It’s hard to believe that the recent #MeToo movement began only four months ago. I was on call for the BARCC hotline the first week that #MeToo started trending in the wake of the Harvey Weinstein case going public. Many of us saw our timelines flooding with stories of harassment, abuse, and assault. This can be overwhelming to take in and process for anyone. My first night taking calls, I heard from multiple survivors who were remembering their own experience of abuse or assault and feeling hopeless seeing the vast number of people with similar experiences. Additionally, many survivors reported being both encouraged by people being believed and having such a groundswell of support, and angry that their own cases did not receive that kind of encouragement.
When we are inundated with so many stories of sexual abuse, harassment, and assault as well as the mistreatment of survivors who came forward, it can be hard to see a way forward. As more and more people are publicly outed as abusers and serial harassers, it’s natural to feel pessimistic and angry. Not only are we exposed to an overwhelming number of stories of abuse and assault, we are also hearing how authority figures and organizations protected offenders at the expense of survivors. It’s a challenging feat for us all to be flooded with these kinds of stories and still hold hope that our culture and communities can get better.
In these moments, I find it helpful to look to the people who have been working on the issue of sexual violence for a long time. While it’s painful to think about how long people have been doing this work—and the obstacles people still face—it gives me hope to think about how that hard work has created the progress we’re seeing today. For many, this is a moment in time where sexual violence is more present in media and people’s minds than ever before, and it’s easy to think that the movement began in October when it started receiving national media attention. In fact, the #MeToo movement began over 10 years ago by activist Tarana Burke. Burke is an example of how many of the leaders in our current moment have been organizing around this issue for years.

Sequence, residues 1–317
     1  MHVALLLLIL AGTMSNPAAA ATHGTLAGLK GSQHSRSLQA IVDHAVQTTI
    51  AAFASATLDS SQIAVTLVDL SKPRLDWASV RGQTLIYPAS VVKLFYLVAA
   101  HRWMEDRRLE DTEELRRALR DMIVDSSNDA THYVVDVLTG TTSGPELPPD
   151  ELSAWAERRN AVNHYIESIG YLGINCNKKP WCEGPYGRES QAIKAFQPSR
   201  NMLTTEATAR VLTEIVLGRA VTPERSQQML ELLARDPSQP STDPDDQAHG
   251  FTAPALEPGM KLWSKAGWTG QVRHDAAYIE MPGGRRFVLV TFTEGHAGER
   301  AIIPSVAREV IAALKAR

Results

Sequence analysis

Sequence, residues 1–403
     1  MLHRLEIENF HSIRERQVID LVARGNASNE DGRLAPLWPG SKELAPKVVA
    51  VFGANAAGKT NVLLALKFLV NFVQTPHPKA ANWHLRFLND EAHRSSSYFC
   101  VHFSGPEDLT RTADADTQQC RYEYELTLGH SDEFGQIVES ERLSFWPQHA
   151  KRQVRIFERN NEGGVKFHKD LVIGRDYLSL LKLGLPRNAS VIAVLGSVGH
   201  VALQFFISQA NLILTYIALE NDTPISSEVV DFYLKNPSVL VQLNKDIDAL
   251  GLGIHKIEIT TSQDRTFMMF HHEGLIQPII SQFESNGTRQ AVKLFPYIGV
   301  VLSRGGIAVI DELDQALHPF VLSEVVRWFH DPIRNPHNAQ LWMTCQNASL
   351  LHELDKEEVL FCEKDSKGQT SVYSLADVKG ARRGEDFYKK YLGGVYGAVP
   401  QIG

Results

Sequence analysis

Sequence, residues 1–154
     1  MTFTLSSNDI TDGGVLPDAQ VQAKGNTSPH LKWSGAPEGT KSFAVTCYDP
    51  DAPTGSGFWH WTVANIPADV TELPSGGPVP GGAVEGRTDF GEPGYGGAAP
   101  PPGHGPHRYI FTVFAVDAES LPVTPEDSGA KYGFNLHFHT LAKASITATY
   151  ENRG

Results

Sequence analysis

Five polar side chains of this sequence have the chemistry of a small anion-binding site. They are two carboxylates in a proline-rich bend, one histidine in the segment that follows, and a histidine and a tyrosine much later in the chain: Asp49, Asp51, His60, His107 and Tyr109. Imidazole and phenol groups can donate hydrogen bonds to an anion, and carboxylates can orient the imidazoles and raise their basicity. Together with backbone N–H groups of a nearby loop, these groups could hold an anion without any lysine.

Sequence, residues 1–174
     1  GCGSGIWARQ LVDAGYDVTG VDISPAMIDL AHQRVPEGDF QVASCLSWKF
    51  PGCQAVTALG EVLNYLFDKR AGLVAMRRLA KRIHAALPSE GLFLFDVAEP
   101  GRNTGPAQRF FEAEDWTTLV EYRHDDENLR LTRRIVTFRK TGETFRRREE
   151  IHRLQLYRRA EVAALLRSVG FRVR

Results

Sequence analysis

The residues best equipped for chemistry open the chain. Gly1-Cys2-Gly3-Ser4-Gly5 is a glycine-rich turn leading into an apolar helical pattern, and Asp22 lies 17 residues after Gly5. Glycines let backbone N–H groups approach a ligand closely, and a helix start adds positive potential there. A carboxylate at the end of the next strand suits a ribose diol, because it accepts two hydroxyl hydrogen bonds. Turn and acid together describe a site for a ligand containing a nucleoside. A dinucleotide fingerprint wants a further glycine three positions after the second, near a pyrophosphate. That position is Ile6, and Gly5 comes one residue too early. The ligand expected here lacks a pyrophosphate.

Anita Hill is another great example of this. Those familiar with her story likely remember the televised Senate hearings during which she shared her story of sexual harassment by Clarence Thomas, then a Supreme Court justice nominee (now a Supreme Court justice). Hill faced a skeptical audience, including someone questioning her willingness to speak as evidence of her “zealoting a civil rights agenda.”
Unlike what we are beginning to see now, there were no real repercussions for Thomas after Hill came forward. Despite that frustrating lack of accountability, Hill so publicly sharing her story had a powerful impact that didn’t end with the hearings in 1991. The term “sexual harassment” was coined in 1975 by a group of women at Cornell University, but Hill’s testimony made the concept a household term.
Though she is most well known for that hearing in 1991, her work did not stop then. Hill went on to be a law professor who frequently speaks and writes about sexual harassment in the workplace. Most recently, she was appointed to serve as the head of a commission that will address sexual abuse in the entertainment industry. During a December 2017 panel organized by the National Women’s Law Center, she said, “I don’t think of 1991 and 2017 as isolated moments in history. I see them as part of an arc, and an arc that has been bending towards justice.”
Hill’s continued work on this issue speaks to all the people who have laid the groundwork for our current #MeToo moment. In its 45 years of existence, BARCC’s work has grown from an informal hotline to numerous services for survivors and communities. Our work has grown immensely in breadth and depth, and that would not have been possible without the commitment of people like Hill along the way. We can’t forget the people who came before us in the mission to end sexual violence, and we have to reexamine their trials and tribulations from the perspectives of where we are and what we’re seeing today. While there’s still a long way to go in ending sexual violence, it’s comforting to see Hill finally gain the platform that she earned in 1991.